Donald Trump was asked at a press conference Tuesday about his record on LGBTQ issues -- specifically in the wake of his administration's Friday brief to the Supreme Court arguing that it's legal to fire transgender employees due to their gender identity.
Despite this action and many other attacks on LGBTQ Americans, Trump replied that he believes he's "done very well" with the LGBTQ community.
As proof of this claim, the president referred -- twice -- to a recent endorsement from the Log Cabin Republicans, as well as the support of Peter Thiel, the gay conservative who co-founded PayPal.
"Well, I just got an award and an endorsement yesterday from ... the Log Cabin group, and I was very honored to receive it," Trump replied. "No, I've done very well with that community. Some of my biggest supporters are of that community and I talk to them a lot about it. ... As you know, Peter Thiel, and so many others there, they're with me all the way and they like the job I'm doing."
In reality, Trump has not "done very well" on LGBTQ rights, as GLAAD was quick to remind the president. "In fact, he and his administration have rolled back protections and targeted LGBTQ people 123 times since 2017," the LGBTQ media organization said in a statement, which cited to the myriad offenses chronicled in its Trump Accountability Project.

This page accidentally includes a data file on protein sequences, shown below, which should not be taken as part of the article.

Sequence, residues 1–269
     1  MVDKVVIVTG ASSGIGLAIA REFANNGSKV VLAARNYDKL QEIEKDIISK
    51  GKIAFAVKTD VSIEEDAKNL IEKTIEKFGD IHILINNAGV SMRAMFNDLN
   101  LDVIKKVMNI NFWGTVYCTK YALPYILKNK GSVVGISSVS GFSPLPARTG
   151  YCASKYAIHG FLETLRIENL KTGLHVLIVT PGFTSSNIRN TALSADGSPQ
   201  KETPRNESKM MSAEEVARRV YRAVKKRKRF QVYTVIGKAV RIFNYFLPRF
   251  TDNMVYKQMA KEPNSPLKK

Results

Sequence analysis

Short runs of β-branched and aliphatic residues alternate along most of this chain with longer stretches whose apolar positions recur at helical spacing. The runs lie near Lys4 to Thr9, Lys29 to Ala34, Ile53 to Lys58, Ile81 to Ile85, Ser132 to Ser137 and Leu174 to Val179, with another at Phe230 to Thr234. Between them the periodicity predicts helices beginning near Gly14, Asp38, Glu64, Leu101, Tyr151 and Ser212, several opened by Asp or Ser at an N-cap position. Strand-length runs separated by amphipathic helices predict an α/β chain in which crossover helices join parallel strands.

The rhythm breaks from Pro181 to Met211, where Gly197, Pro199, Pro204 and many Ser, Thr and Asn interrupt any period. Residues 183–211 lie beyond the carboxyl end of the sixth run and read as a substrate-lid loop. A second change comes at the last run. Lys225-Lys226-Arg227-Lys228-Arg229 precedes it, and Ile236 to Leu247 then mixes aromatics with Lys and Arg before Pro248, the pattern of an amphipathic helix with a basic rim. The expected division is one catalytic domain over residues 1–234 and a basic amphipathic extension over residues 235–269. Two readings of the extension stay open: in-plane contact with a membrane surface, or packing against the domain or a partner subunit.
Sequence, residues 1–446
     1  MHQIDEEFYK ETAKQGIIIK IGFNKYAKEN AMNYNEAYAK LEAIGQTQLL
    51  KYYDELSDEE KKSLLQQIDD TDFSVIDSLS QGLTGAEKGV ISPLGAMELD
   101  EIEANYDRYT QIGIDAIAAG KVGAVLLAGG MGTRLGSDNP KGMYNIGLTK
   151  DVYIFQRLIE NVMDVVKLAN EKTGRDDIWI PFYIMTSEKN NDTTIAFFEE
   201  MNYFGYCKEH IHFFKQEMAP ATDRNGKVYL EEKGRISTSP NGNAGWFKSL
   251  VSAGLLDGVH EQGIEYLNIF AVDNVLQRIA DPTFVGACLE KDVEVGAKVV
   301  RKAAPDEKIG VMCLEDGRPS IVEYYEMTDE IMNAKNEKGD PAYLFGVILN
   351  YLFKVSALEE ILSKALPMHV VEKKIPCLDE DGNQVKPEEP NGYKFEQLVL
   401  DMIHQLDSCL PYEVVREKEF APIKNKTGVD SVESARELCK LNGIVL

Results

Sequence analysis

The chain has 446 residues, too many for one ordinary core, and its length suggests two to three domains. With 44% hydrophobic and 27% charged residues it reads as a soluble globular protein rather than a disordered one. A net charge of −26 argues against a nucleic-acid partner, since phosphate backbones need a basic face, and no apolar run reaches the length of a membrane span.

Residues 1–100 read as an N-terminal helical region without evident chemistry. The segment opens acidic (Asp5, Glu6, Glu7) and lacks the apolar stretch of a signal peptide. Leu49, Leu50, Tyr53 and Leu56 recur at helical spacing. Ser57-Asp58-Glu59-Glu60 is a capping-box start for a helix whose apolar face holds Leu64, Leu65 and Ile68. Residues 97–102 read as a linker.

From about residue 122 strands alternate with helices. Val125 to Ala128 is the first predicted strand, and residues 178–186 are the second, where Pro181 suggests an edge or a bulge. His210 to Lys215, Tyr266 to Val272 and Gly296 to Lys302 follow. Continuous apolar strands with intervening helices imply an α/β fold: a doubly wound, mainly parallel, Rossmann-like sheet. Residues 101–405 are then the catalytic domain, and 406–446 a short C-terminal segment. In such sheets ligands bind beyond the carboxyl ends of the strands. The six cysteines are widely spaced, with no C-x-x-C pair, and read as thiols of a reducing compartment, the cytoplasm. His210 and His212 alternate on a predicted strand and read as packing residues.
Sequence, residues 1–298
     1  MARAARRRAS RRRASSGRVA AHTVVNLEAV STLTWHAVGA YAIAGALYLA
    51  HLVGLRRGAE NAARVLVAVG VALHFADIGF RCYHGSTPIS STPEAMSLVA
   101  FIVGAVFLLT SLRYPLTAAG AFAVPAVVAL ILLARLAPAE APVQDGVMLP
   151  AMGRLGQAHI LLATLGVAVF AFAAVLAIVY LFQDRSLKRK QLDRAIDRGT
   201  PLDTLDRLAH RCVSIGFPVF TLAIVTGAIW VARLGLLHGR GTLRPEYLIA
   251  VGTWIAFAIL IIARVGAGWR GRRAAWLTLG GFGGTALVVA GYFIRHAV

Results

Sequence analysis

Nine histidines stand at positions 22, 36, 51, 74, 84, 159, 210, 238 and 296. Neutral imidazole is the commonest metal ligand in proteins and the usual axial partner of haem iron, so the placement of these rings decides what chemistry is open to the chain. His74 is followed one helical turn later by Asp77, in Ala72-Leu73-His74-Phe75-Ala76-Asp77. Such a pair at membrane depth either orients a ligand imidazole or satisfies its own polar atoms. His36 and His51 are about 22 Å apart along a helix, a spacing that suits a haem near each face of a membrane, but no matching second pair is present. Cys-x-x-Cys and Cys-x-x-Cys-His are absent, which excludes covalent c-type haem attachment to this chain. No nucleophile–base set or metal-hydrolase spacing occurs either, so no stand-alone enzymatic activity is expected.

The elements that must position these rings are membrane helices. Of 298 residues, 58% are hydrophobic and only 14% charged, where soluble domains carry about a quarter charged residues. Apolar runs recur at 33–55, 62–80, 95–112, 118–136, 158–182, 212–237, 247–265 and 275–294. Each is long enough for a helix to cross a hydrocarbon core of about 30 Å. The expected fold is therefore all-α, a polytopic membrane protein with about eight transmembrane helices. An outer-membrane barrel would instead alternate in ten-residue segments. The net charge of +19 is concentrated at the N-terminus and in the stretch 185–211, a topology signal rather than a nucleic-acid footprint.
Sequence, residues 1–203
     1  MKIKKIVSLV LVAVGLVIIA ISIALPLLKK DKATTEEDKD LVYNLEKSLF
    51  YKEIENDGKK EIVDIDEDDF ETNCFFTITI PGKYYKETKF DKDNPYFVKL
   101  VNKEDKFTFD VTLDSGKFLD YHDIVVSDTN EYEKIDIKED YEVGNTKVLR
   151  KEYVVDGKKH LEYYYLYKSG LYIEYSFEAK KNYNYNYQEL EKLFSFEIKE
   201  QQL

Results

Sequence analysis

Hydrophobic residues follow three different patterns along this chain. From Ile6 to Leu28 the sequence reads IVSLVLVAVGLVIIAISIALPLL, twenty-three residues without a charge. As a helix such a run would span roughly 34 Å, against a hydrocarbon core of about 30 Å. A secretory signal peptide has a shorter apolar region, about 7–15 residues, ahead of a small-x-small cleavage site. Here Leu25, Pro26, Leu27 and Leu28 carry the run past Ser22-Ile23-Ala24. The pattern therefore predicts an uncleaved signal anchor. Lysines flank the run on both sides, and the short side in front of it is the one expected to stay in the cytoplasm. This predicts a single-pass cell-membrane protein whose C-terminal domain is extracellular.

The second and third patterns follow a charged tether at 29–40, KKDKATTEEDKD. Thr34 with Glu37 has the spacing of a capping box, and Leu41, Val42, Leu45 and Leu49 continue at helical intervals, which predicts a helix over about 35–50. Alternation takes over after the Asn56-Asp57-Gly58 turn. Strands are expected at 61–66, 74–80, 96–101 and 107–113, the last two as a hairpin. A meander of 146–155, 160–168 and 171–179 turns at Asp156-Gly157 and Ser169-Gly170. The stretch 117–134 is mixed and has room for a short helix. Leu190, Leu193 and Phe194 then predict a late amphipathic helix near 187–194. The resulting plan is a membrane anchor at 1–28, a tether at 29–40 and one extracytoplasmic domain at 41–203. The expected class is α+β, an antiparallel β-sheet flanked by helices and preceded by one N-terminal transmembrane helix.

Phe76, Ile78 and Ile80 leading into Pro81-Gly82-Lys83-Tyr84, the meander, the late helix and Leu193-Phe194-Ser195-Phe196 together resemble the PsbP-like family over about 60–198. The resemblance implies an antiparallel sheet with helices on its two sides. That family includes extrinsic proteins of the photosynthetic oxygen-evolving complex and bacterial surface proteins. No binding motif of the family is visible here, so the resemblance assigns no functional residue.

To name just a few, the Trump administration has banned transgender troops from serving in the military, rolled back protections for trans students, and just last week, proposed allowing federal contractors to discriminate against LGBTQ people and others who offend the contractors' religious beliefs.
Ignoring this track record, Robert Kabel, the chairman of the Log Cabin Republicans, praised Trump for "taking bold actions that benefit the LGBTQ community," in an op-ed endorsing the president that was published by The Washington Post. The move sparked revulsion from the broader LGBTQ community. Several prominent Log Cabin members, like Robert Turner, former president of the conservative LGBTQ organization's D.C. chapter, quit the group over its endorsement.
Jordan Evans, the only transgender Republican elected official in the nation, slammed the endorsement in an op-ed in The Advocate.
"It seems that the 'premier Republican organization for LGBTQ+ conservatives' couldn't care less about which form of acceptance qualifies as passable allyship and would instead willfully embrace an administration notorious for hollow words, fairweather friends, and a seemingly endless number of cuts for us to endure," Evans wrote.